Common cuttlefish (sepia offocinalis)
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Common name Common cuttlefish
Scientific name Sepia offocinalis
Class Cephalopoda
Order Sepioidea
Family Sepiidae
Distribution The Mediterranean and the Eastern Atlantic Ocean from Scandinavia to Morocco.
Habitat Occurs from the shallow sublittoral zone to depths of 200m, where it is found on muddy and sandy substrates.
Dimensions Can grow to a length of 30-35 cm and weigh up to 2 kg.
Characteristicts The body of the common cuttlefish is flattened and broad, and is therefore oval in cross-section. It has 10 tentacles and an internal shell known as a cuttlebone.

A cephalopods (meaning 'head-footed') with an elongated, flat wide body. They have well-developed heads, with large eyes and mouths that feature beak-like jaws and a fin runs around the body from behind the head . Encircling the mouth there are eight 'arms' with suckers, which are used to manipulate prey, there are also two tentacles with flattened paddle-like tips, which can be rapidly extended and are used to catch prey. Cuttlefish have an internal shell known as a cuttlebone, which is filled with gas and aids buoyancy. Colour is extremely variable, and depends on the environment, mood and life-cycle.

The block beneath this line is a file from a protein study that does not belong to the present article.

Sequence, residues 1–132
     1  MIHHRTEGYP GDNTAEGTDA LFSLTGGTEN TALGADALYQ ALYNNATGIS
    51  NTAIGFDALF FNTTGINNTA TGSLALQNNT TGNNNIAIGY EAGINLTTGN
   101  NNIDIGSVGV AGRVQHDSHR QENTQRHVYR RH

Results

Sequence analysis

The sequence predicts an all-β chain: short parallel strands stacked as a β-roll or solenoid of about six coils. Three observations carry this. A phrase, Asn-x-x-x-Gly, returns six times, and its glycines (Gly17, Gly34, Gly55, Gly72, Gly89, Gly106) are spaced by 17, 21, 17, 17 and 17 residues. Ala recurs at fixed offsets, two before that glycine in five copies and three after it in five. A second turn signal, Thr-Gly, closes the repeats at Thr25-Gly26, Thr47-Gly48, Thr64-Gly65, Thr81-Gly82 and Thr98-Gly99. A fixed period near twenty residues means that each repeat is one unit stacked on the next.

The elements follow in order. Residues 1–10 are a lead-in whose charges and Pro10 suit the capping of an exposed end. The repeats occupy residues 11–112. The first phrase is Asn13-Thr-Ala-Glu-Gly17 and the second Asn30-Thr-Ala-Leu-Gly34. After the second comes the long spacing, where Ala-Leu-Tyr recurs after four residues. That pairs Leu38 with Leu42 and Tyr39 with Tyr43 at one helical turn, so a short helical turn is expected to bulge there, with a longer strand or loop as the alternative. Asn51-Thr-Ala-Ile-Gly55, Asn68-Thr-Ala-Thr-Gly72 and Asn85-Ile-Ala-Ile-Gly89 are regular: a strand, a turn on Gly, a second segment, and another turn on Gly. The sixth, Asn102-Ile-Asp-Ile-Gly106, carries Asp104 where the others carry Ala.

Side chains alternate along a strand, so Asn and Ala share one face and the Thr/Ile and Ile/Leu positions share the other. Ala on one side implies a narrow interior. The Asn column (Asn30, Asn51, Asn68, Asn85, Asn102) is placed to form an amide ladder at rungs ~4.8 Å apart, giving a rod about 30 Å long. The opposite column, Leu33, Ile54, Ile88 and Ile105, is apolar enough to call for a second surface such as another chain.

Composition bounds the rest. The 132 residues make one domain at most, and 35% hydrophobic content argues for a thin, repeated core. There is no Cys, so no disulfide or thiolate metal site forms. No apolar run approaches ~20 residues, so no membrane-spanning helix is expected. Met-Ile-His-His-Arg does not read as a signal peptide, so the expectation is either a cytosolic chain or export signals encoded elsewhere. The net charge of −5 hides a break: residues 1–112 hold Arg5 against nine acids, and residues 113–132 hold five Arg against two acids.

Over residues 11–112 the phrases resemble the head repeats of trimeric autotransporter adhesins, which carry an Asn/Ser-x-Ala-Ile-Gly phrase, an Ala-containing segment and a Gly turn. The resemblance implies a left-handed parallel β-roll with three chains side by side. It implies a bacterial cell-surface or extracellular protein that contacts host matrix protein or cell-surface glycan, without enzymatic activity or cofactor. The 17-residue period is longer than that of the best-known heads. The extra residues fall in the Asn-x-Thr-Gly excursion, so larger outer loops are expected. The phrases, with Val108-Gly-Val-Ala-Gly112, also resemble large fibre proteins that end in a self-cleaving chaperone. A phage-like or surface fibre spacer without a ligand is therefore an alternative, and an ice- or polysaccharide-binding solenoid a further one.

During spring and summer, males and females migrate to warmer water in order to spawn. Males often engage in spectacular displays to attract a female, in which bands of colour pass rapidly along the body; fighting over females is common. The eggs are attached to objects on the sea floor such as shells and seaweeds; after spawning, both the males and females die. Young cuttlefish reach maturity at 14-18 months of age, and the average life span is 1-2 years.